Receiving- to receive you have to give to yourself. For those of you who are more comfortable with being the caregiver than the receiver, allow yourself to see this as an invitation to learn more about yourself. Is there are sense of unworthiness? This is just one example of resistances we may have built in how we are in relationship, and while it may be tempting to accept this as just the way things are, often times rejecting this very notion is what will lead to growth and opening. Remember that ‘working’ on your relationship is really ‘learning’. If you can change your perspective and attitude on problems and redefine them as challenges, then you will be able to turn your problems into opportunities. Get curious and compassionate with yourself and reflect on questions like “How can I make things better?”, “How can i allow myself to feel more loved than i do?”, and “How can I work with receiving while maintaining my integrity?”
A synonym for complexity is richness! In effort to rethink “working” in and on your relationship, it may be helpful to welcome complexity as richness. Together you can begin looking to create possibilities and new roads where you thought there were dead ends. Ask, “What else is possible in this moment?” and “What if this isn’t what i think it is?” These are the questions that make awareness three dimensional. You are aware of the problem AND you are aware of there being other possibilities. With 3D awareness it is as if you can walk around the problem- seeing it without totally being in it.
Troubleshooting mode- how to turn the ship around. Okay, so let’s say you’re in a conversation and it is about to go south- what can you do? First, name it. Say something like “Hey, I think we are at that place we have been before, and I know what has happened in the past, do you think it is possible that we can try to do something different?”. Then, for example, you can say something like “I’m having that feeling again that we are going further away from each other- let’s take a brief break and resolve to come back again and approach this with a more positive attitude- because right now i am feeling a little hopeless and defensive”. These statements are founded on the belief that you CAN change the dance. To do so requires a plan, preemptively created, that can be used in tense moments. If you know that when one of you is triggered, voices often get raised then collaborate together when you are both regulated to set up a plan and a statement such as “hey babe, you must really be activated right now because you are raising your voice, let’s slow down”. Acknowledging each other’s autonomic responses without judgement, and having a plan that gives each other permission to calm back down helps to create emotional safety. This emotional safety is unavailable and often threatened when we are in up-regulated and triggered states.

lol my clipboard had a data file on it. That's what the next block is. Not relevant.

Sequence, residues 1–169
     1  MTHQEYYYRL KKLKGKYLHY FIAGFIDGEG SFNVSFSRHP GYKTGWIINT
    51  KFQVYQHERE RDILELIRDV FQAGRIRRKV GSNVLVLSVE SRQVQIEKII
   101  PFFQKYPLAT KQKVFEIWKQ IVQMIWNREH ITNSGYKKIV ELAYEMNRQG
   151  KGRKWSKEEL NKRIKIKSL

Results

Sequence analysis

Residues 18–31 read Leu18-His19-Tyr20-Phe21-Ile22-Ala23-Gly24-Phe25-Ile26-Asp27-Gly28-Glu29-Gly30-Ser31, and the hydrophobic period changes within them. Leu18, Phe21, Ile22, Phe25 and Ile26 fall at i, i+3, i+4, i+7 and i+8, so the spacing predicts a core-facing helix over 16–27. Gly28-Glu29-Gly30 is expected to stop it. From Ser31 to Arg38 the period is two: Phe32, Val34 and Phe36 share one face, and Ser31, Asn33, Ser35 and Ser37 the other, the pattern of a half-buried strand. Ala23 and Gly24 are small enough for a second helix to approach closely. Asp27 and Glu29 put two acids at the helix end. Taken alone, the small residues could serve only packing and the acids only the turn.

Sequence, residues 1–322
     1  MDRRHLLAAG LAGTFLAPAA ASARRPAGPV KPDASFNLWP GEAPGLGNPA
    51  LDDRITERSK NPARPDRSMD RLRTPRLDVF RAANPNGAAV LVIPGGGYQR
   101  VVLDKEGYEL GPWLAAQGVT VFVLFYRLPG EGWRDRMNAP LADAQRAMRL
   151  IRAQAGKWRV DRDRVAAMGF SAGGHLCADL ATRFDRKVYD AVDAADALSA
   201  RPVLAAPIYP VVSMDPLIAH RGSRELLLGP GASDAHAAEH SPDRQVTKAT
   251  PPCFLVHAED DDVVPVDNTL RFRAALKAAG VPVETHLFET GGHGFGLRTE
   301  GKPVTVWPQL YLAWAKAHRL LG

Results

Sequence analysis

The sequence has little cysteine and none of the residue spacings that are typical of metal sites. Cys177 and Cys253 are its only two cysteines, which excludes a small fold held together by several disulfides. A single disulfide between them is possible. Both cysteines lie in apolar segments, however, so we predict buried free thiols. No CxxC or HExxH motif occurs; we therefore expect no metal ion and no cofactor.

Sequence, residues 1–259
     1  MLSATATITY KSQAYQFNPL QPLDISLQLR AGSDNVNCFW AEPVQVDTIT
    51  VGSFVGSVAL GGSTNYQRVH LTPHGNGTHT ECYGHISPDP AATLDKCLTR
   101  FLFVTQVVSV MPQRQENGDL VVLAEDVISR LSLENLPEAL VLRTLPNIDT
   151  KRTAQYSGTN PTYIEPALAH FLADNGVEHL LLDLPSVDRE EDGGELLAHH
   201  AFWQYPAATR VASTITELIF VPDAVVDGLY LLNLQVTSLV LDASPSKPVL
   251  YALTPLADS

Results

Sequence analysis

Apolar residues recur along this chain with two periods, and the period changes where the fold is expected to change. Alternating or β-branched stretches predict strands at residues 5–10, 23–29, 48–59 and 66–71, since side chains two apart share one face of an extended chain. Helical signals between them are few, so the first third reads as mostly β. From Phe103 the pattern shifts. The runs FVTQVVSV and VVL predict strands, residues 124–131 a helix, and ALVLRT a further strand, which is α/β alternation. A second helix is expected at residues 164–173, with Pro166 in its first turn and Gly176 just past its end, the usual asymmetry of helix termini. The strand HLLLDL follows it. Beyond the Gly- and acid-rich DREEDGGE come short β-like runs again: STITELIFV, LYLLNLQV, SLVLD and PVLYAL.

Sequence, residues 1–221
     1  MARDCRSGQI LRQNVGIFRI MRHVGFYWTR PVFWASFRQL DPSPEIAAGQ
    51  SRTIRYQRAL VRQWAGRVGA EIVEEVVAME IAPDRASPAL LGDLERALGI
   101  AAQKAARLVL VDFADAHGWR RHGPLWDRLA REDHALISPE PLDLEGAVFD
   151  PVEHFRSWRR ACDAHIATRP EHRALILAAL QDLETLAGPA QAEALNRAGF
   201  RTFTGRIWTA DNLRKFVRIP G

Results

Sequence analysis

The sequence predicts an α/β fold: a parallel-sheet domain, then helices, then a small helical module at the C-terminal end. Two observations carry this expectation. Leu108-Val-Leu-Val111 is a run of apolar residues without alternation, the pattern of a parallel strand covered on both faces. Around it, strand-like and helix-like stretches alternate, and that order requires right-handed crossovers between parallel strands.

Have an insult substitute ready! There are inevitably going to be times when you will not be able to get around your biological state of fight or flight (defense and anger), and this is NOT going to be a time when you are going to create new understandings that are going to become the foundation of a better relationship- no, this is going to be a moment to just get through. When all else fails, and we cannot regulate ourselves with the grace or swiftness our system or our partner needs, then it can be helpful to have a venting statement at the ready as a means of damage control! This allows you to have a way to express your anger or activation in a somewhat contained way. You can say, for instance, “I’m not going to say what is on my mind right now because if i do it is going to create bad feelings, I just want you to know that I am that angry and I’m going to, for the sake of our relationship, chill out for a minute”. Figure out a statement that works for you and your partner, and don’t be ashamed to use it on occasion- when triggered enough our autonomic system reverts to old patterns and conditioning that can lead to much more damaging behaviors and statements than something like “woah, I’m super activated right now and can’t engage or I may say something hurtful that I would regret”. Remember also that YET, the word and the concept, hold all possibilities present. Try bringing it in when you feel stuck- “I’m not ready, yet”, “I’m not yet calm enough”, “I don’t want to, yet”…